There have been many reports regarding the efficacy of different non-thermal treatments for food and herb sterilization, especially the utilization of gamma irradiation (Guerreiro et al. 2016; Jeong et al. 2015; Sádecká 2007). Alternatively, e-beam (beta irradiation) and cold plasma, are effective for food sterilization and are safe for human consumption (Jeong et al. 2015; Misra et al. 2019; Moreno et al. 2007; Van Impe et al. 2018). Even though these methods have been applied or suggested for decontaminating MC inflorescences to safeguard its use by immunocompromised patients, there is a lack of knowledge in regards to their efficacy in eliminating deleterious microorganisms.

In this research, we examined the effect of gamma irradiation, e-beam and cold plasma treatments, on the reduction of CFU contamination in artificially inoculated and naturally infected MC inflorescences and trimmed leaves (Table 2). Gamma irradiation was very effective in reducing the CFU levels by approximately 6-log-fold CFU/g inflorescences, at a minimal dosage of 7.5 KGy. Similarly, in the Netherlands, MC is sterilized using 60Co gamma irradiation at a dosage of 10 KGy, which is well below the authorized dosage of 30 KGy, permitted by the FDA for irradiation of aromatic herbs and spices (Sádecká 2007). Likewise, in a recent report, 60Co gamma irradiation was used to sterilize cherry tomatoes with a radiation dosage of 5.7 KGy that reduced CFU levels from 2.2 log CFU/g to nearly zero, an inactivation efficacy of 99.8% (Guerreiro et al. 2016). In spite of its effectiveness, gamma irradiation remains an expensive sterilization method requiring the usage of radioactive isotopes, specialized equipment and facilities. In contrast, e-beam does not require the use of radioactive isotopes and as such, is considerably more environmentally friendly (Leonhardt 1990). Moreover, in this research we found that e-beam treatments were very effective in eliminating CFUs from infected MC inflorescences applied at low temperatures, below 27 °C, that do not detrimentally affect the active ingredients of MC. In fact, this method is so effective that at a radiation dosage of 10.26 KGy, CFU levels were reduced from 6 log CFU/g inflorescence to 0 (Fig. 2). A similar reduction in CFUs was observed with artificially inoculated inflorescences (Fig. 3).

Table 2 Effect of radiation and sterilization methods on fungal contamination of cannabis plant samples

ED values are an important and useful tool as they indicate the efficacy of treatments and also allow for comparison between different sterilization systems; in general lower ED values represent a higher acute toxicity (Lorke 1983). ED values are extremely relevant in this study since they indicate a measurable value for the efficacy of the treatments. The ED values calculated for e-beam irradiation (Table 1) were also very promising; e.g. ED10, the radiation dosage required to reduce 10% CFU populations of uninoculated and artificially inoculated inflorescences were calculated as 0.6 KGy and 1 KGy, respectively. In comparison, the ED10 value for inactivation of enteric viruses e.g. poliovirus Type 1 on cantaloupe surfaces using e-beam was 4.76 KGy (Shurong et al. 2006). Similarly, e-beam treatment of red pepper powder at a dosage of 3 KGy, reduced CFU levels of total yeasts and molds from 6.62 to 3.71 log CFU/g (Kyung et al. 2019). In our research, we found that a dosage of 12.4 KGy resulted in 90% reduction in CFU levels in artificially inoculated B. cinerea MC inflorescence (Table 1). Although 12.4 KGy is considered a rather high radiation dosage, it is important to note that in this experiment the initial CFU levels were very high (more than 7.7 ± 0.11 log CFU/g). Accordingly, initial CFU levels in commercial MC were constantly much lower, measuring below 5 ± 0.25 CFU/g. This indicates that irradiation values of 8.1 KGy, resulting in a reduction of 90% of uninoculated MC inflorescences are very reasonable considering that the irradiation dosages are much lower than the maximum limit of 30 KGy, according to that authorized by the FDA for irradiation of dry herbs (Sádecká 2007).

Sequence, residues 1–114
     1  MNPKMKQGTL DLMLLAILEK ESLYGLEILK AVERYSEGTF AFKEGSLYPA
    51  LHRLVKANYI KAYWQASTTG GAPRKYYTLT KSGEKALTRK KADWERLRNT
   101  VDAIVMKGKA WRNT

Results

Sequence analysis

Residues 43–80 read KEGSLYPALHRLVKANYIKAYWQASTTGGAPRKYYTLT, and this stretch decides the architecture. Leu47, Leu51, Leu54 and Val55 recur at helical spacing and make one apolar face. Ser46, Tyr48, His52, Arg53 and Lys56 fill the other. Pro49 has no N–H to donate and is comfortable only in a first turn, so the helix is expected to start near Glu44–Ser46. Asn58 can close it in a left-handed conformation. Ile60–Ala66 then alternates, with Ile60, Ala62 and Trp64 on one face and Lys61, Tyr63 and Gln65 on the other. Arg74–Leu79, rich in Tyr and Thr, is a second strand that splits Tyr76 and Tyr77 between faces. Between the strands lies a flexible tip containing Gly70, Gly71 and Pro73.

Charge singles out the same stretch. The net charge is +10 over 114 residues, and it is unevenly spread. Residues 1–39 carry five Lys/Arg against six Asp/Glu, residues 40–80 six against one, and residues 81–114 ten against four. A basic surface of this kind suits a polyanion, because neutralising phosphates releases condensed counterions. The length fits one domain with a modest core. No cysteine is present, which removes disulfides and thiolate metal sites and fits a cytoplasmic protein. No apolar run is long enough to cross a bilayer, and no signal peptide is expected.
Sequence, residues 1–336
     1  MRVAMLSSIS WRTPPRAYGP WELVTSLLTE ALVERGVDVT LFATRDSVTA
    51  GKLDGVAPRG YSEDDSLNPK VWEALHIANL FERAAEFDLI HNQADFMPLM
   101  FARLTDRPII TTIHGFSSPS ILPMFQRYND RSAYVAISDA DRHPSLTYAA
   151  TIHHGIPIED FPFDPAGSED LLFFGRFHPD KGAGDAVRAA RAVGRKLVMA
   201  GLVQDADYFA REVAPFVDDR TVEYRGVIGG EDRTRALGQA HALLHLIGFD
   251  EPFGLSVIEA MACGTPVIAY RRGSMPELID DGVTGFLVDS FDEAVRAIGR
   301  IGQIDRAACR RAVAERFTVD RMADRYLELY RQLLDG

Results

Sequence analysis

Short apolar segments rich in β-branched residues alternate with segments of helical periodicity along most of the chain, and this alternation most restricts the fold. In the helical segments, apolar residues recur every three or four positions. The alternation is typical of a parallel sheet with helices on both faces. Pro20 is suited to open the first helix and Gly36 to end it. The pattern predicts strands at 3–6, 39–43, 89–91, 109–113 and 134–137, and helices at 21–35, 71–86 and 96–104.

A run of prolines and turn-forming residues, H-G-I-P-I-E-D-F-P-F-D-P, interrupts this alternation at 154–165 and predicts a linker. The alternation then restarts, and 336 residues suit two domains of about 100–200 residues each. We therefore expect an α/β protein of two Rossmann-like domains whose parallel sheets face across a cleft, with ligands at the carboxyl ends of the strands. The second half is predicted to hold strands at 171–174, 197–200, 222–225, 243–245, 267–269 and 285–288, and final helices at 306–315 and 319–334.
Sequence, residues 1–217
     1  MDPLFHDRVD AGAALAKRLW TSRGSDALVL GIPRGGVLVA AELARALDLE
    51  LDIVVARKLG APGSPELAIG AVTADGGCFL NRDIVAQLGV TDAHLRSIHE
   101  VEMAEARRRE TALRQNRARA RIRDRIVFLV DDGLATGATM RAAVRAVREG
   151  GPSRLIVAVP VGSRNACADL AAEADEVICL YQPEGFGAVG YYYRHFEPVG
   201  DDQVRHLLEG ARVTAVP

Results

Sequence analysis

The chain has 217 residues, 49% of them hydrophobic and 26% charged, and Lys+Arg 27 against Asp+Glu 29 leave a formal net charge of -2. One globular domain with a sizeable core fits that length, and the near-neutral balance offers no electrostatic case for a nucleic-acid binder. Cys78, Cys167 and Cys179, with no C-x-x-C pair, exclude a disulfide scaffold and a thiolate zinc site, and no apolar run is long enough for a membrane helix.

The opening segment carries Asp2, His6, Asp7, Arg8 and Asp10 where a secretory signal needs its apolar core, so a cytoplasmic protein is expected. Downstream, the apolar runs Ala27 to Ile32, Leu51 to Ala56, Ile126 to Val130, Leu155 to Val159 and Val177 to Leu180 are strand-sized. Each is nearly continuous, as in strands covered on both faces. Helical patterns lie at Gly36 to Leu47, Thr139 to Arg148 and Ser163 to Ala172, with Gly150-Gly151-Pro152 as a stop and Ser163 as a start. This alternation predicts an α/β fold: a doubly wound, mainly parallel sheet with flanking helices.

Cold plasma treatment of MC inflorescences was also found to be effective for elimination of fungal propagules in this study. After 10 min of plasma exposure, CFU levels in uninoculated MC inflorescences were reduced by approximately 3 log-fold CFU/g. It is important to note that initial recorded infection levels in these experiments were approximately 3 log CFU/g indicating that given a higher infection level, an exposure to 10 min plasma treatment may have resulted in an even greater CFU reduction (Fig. 7). In an additional experiment (data not shown) a cold plasma treatment of 8 min vacuum time followed by 12 min of plasma exposure resulted in CFU reduction of approximately 6 log CFU/g of uninoculated MC inflorescences. Accordingly, in artificially inoculated B. cinerea MC inflorescences the results were improved with a reduction of approximately 4 log CFU/g, after 10 min of plasma exposure (Fig. 8). Similarly, cold plasma treatments conducted in Shaare Zedek Medical Center Israel, resulted in complete sterilization of MC inflorescences (Ruchlemer et al. 2015). In that research, autoclaving and ethylene gas sterilization were found to be as effective for MC inflorescence sterilization, although the two latter methods resulted in a greater reduction of Δ9-THC, which is one of the major phytocannabinoids in MC. Cold plasma was also found useful in decontamination of wheat seeds, resulting in complete inactivation of Fusarium nivale-artificially inoculated seeds after as little as 90 s treatment (Zahoranová et al. 2016). An increase in CFU counts after 5 min of plasma exposure compared to that after 2.5 min was recorded in our experiments, which is still unclear (Figs. 7 and 8) and will require further research. In various studies, cold plasma was reported to degrade both mycotoxins and pesticides in in vitro experiments (Ten Bosch et al. 2017; Misra et al. 2011; Sarangapani et al. 2016). Mycotoxins such as aflatoxins, zearalenone and fumonisins are secondary metabolites produced by certain fungi such as Aspergillus and Fusarium spp. that are ubiquitous in MC inflorescences and are known to cause health risks to humans and mammals (McPartland et al. 2017; Misra et al. 2019). Thus, cold plasma treatments may be even more beneficial by not only reducing CFU counts but also by reducing levels of mycotoxins (Ten Bosch et al. 2017; Misra et al. 2019).